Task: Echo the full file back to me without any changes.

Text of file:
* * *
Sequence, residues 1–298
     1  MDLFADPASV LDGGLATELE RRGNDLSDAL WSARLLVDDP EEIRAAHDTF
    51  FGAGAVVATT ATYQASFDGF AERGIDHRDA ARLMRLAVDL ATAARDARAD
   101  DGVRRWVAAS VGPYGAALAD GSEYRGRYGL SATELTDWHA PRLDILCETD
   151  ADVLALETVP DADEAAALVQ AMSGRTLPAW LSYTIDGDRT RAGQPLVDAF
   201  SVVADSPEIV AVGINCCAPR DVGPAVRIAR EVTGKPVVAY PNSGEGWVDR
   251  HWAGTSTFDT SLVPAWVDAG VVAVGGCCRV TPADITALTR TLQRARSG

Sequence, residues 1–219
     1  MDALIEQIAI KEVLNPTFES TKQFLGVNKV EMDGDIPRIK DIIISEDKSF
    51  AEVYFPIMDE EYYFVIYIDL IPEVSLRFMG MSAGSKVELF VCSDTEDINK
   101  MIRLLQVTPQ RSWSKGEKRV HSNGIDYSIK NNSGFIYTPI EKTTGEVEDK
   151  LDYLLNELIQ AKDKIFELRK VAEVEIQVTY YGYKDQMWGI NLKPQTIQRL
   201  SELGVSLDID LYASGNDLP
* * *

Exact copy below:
Sequence, residues 1–298
     1  MDLFADPASV LDGGLATELE RRGNDLSDAL WSARLLVDDP EEIRAAHDTF
    51  FGAGAVVATT ATYQASFDGF AERGIDHRDA ARLMRLAVDL ATAARDARAD
   101  DGVRRWVAAS VGPYGAALAD GSEYRGRYGL SATELTDWHA PRLDILCETD
   151  ADVLALETVP DADEAAALVQ AMSGRTLPAW LSYTIDGDRT RAGQPLVDAF
   201  SVVADSPEIV AVGINCCAPR DVGPAVRIAR EVTGKPVVAY PNSGEGWVDR
   251  HWAGTSTFDT SLVPAWVDAG VVAVGGCCRV TPADITALTR TLQRARSG

Sequence, residues 1–219
     1  MDALIEQIAI KEVLNPTFES TKQFLGVNKV EMDGDIPRIK DIIISEDKSF
    51  AEVYFPIMDE EYYFVIYIDL IPEVSLRFMG MSAGSKVELF VCSDTEDINK
   101  MIRLLQVTPQ RSWSKGEKRV HSNGIDYSIK NNSGFIYTPI EKTTGEVEDK
   151  LDYLLNELIQ AKDKIFELRK VAEVEIQVTY YGYKDQMWGI NLKPQTIQRL
   201  SELGVSLDID LYASGNDLP